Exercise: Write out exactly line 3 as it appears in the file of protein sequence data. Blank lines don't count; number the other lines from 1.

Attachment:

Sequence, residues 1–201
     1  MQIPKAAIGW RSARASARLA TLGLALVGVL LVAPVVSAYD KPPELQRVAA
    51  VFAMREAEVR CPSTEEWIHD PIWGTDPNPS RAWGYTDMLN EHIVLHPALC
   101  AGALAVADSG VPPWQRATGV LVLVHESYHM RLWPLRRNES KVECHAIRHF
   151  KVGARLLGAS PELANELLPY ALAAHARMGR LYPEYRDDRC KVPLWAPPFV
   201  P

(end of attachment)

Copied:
    51  VFAMREAEVR CPSTEEWIHD PIWGTDPNPS RAWGYTDMLN EHIVLHPALC